Marijuana reform is an idea rapidly sweeping the globe, an idea that has caught the attention of governments, celebrities, and healthcare providers alike. But for all the talk, decriminalization is surprisingly rare around the world.
Substantial reform is found in three primary places: the United States, Portugal, and the Netherlands. Canada is likely to join them soon, possibly along with Mexico.
Cannabis is loosely tolerated in many other places, but it is only legally permitted to any degree in these three places. Portugal has removed criminal penalties for all drugs; Holland has done the same for marijuana; and several U.S. jurisdictions have decriminalized or completely legalized the drug.
The Portuguese have taken one of the world’s most progressive approaches to drug use. Personal possession of any drug in small amounts is decriminalized, meaning no jail, probation, or criminal record.
In fact, police there don’t even issue tickets or levy fines. Instead, users are treated as patients and immediately directed to healthcare resources.
With marijuana, possession of up to 25 grams – about a 10-day supply on average – is legally tolerated. Larger amounts may trigger criminal charges, but simple possession carries no jail time or fines.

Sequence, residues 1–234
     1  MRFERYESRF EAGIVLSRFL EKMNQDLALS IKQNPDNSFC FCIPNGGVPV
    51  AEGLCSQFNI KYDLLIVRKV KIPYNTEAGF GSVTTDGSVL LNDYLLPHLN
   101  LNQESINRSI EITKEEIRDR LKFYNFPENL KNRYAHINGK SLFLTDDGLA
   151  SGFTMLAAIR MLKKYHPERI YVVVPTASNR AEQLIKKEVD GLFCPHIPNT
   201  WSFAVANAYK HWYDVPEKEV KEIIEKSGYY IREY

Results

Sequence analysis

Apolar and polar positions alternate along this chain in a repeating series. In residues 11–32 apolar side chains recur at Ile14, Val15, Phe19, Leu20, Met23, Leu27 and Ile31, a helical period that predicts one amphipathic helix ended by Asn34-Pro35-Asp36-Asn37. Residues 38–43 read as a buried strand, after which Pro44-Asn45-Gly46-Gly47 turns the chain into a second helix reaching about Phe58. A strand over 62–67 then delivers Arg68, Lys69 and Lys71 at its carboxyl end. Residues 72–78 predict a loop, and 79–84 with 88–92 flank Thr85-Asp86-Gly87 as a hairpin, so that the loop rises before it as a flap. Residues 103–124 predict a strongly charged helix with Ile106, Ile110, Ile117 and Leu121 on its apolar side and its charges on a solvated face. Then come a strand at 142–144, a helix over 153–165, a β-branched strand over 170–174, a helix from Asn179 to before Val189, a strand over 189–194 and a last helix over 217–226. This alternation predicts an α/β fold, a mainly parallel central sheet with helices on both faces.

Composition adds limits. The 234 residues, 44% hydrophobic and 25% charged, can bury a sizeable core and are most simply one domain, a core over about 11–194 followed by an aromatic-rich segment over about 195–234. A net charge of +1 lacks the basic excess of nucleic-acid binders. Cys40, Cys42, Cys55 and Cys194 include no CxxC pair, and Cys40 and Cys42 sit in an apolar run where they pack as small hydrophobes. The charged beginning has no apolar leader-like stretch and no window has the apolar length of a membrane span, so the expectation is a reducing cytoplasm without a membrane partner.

For all the reform, however, cannabis remains scarce in Portugal. It is a crime to sell or grow it in any amount, and the few black market coffee shops are seedy at best.
Results of this national experiment have mostly been positive. Fewer people are dying from heroin and other dangerous drugs, teens are using less, and more addicts have entered treatment.
Many stoners would be surprised to learn that simple cannabis possession is still a crime in Holland. Possession of up to 5 grams usually doesn’t lead to anything more serious than a fine, but larger amounts can trigger prosecution.
Beyond that, though, the Netherlands has an official policy of tolerance, especially in Amsterdam. This is what allows licensed marijuana cafes to flourish there.
Opponents of reform have tried in recent years to ban marijuana tourism, but their legislation has stalled. Even with decriminalization, users are limited to purchases of 5 grams or less, while adults may grow up five plants at home.
The United States
Four U.S. states and the District of Columbia have legalized marijuana for any adult use. More than a dozen other states have removed criminal penalties for cannabis, as in Portugal, and more than 30 permit the drug as medicine.
But pot possession remains a crime under federal law, a fact that will make it more difficult for other states to legalize. And until they do, the United States will be a patchwork of conflicting rules.
But the laws that allow cannabis in Colorado, Washington, Oregon, Alaska, and the District of Columbia are the most liberal in the world. In all these places it is possible to buy marijuana at retail stores, though Washington State bars home grows. These states each allow up to 1 ounce, while Washington, D.C., allows up to 57 grams.
In the states where the drug is legal, adults may use it on private property but not in public. In other states, penalties for possession range from small fines to jail time.